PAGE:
New Novel's Plot: A Serial Killer, Zeus and the Inver Grove Heights Police Department

Local author J.K. Maze has set her latest novel at the Inver Grove Heights Police Department. Police Chief Larry Stanger helped her with her research.

Editor's note: Read an exclusive excerpt from "The Hierophant" on Patch.

Greek religious symbology, butterflies, a serial killer with an eye for bombshell blondes, McGroarty Park and the Inver Grove Heights police department all feature in the plot of local author J.K. Maze’s latest novel, a police procedural thriller with, she said, “some element of romance in it.”

An amateur writer for more than 20 years, since Maze retired in 2007 from her job as a dispatcher for DARTS, she has indulged in marathon writing sessions, enrolled in online classes from the Romance Writers of America’s Mystery and Suspense Division (crime scene investigation; how to write and think like a man) and found a publisher for three novels and a novella.

“Basically, I work full time at my writing,” she said. “I love to create the characters and the situations, and I’ve never ever had writer’s block—probably wouldn’t hurt me to have it a little, but I get an idea and I want to do it.”

In December, Maze self-published the e-book edition of “The Hierophant: A Novel of the Inver Grove Heights Police Department.” The novel was more than four years in the making.

“Back in 2008, I decided I wanted to pick up the Hierophant again: I had started it a number of times, set it in fictional places, but it just didn’t work out, so I thought, ‘Why not set it in Inver Grove Heights?’”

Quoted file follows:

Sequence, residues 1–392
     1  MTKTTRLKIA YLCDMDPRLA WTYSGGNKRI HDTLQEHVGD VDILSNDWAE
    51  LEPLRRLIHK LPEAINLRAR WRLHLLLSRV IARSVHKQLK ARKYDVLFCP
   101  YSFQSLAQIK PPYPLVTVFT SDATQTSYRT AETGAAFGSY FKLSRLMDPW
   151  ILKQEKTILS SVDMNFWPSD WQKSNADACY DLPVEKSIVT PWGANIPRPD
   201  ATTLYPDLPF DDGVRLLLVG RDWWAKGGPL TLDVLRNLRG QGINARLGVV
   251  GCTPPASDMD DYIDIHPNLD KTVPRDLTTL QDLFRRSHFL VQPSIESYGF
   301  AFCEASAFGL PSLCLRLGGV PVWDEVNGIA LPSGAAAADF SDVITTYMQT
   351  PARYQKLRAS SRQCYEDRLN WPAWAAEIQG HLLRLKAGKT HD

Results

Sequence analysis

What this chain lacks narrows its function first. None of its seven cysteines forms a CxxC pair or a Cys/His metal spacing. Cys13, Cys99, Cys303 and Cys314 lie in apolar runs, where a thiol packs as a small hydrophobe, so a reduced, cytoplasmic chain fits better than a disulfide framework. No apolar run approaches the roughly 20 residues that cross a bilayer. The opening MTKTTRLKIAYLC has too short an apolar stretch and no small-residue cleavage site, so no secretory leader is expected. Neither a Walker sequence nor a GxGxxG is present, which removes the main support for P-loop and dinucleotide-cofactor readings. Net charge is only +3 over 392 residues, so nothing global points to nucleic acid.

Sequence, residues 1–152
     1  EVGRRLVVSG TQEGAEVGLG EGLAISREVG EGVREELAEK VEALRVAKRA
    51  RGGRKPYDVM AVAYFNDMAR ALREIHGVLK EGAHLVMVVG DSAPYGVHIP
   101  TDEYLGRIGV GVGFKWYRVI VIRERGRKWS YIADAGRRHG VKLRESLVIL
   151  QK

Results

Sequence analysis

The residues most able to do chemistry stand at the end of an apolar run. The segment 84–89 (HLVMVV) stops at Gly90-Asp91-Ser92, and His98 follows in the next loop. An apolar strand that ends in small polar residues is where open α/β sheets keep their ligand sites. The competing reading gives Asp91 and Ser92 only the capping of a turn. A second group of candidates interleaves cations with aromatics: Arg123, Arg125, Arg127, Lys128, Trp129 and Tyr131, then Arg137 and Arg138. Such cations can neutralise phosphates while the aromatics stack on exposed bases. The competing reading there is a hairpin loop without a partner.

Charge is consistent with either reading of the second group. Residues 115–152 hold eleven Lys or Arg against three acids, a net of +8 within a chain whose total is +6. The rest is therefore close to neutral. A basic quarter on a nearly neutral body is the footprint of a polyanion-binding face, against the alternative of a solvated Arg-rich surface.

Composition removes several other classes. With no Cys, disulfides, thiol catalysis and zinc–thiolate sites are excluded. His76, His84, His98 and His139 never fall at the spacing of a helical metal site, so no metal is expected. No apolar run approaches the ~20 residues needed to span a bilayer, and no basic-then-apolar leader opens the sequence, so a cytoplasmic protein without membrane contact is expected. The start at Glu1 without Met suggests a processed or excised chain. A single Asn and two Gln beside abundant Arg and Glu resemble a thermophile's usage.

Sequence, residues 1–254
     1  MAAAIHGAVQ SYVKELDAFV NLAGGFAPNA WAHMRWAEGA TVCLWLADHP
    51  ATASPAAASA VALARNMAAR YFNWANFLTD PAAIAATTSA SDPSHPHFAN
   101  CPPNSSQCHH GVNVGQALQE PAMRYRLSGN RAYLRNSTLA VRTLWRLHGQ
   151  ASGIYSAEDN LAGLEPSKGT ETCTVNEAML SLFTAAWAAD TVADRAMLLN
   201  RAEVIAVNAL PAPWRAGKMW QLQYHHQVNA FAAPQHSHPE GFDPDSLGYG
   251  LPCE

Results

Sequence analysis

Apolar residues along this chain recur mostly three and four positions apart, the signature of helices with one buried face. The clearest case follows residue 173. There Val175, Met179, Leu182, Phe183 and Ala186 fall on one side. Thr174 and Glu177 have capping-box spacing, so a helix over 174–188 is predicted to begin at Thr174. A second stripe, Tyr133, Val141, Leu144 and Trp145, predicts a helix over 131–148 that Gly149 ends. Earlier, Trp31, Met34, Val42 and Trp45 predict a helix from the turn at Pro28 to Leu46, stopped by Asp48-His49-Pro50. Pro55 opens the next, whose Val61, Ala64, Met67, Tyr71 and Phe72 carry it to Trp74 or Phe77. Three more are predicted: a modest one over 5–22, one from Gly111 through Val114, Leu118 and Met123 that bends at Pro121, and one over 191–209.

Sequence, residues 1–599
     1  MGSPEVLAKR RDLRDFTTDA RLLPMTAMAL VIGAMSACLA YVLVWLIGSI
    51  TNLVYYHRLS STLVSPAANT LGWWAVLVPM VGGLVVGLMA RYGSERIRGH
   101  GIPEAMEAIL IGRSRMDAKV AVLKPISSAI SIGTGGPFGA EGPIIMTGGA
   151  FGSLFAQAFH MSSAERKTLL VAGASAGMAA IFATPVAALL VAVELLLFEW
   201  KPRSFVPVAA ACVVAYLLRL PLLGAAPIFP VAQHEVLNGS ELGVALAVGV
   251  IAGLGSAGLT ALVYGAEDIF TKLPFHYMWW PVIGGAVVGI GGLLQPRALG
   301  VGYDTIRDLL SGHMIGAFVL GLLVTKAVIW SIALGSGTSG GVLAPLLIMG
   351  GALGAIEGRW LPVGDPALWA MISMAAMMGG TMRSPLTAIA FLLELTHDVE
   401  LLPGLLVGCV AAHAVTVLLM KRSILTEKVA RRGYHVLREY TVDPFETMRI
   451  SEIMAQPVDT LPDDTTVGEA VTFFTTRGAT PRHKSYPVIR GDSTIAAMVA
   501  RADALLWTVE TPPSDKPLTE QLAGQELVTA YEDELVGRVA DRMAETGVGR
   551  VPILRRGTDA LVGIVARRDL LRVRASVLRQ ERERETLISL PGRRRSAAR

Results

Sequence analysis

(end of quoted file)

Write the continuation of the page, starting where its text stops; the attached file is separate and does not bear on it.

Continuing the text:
Maze nervously dialed the police department and was directed to lieutenant Larry Stanger (now the police chief).

Stanger agreed to show her around the station, Maze said, and has been her technical adviser ever since, answering odd phone calls and proofreading an early draft of “The Hierophant.”

“She was very good to work with,” Stanger said. “She really wanted to give a very honest and accurate depiction of police work and the procedures that we go through in investigations, very thorough and detailed.”

This past September, Maze signed up for the department’s two-month Citizen Police Academy.

“Each week they taught a different angle, for instance deadly force,” she said. “We went outside and role-played: They gave us guns with paint bullets and we acted out scenarios like a traffic stop and a burglary in progress and a domestic. That was quite interesting. I was able to shoot at a supposed bad guy, and I actually hit him, which surprised the heck out of me.”

Maze is a mother of three and grandmother of seven, but insisted that her age (a number consistent with her matriarchal accomplishments) not be published.

On the last day of the class, there was a taser demonstration.

“Several of the people allowed themselves to be tased,” she said. “I did not; if I fell down I wouldn’t be able to get up again by myself. I’m a senior citizen, and I do have a lot of arthritis so I’m not real active physically.”

Maze is working on formatting the paperback edition of “The Hierophant” for publication. She also has a number of other projects in the works including a paranormal thriller romance set in northern Minnesota and a young adult time travel adventure titled “Fast Track to the Past’ that takes place in the days after the Children’s Blizzard of 1888.

In November, during National Novel Writing Month, Maze wrote an 84,000 word first draft of a sequel to “The Hierophant.”

“I’m planning on living to 100 so I can keep on writing books,” she said.


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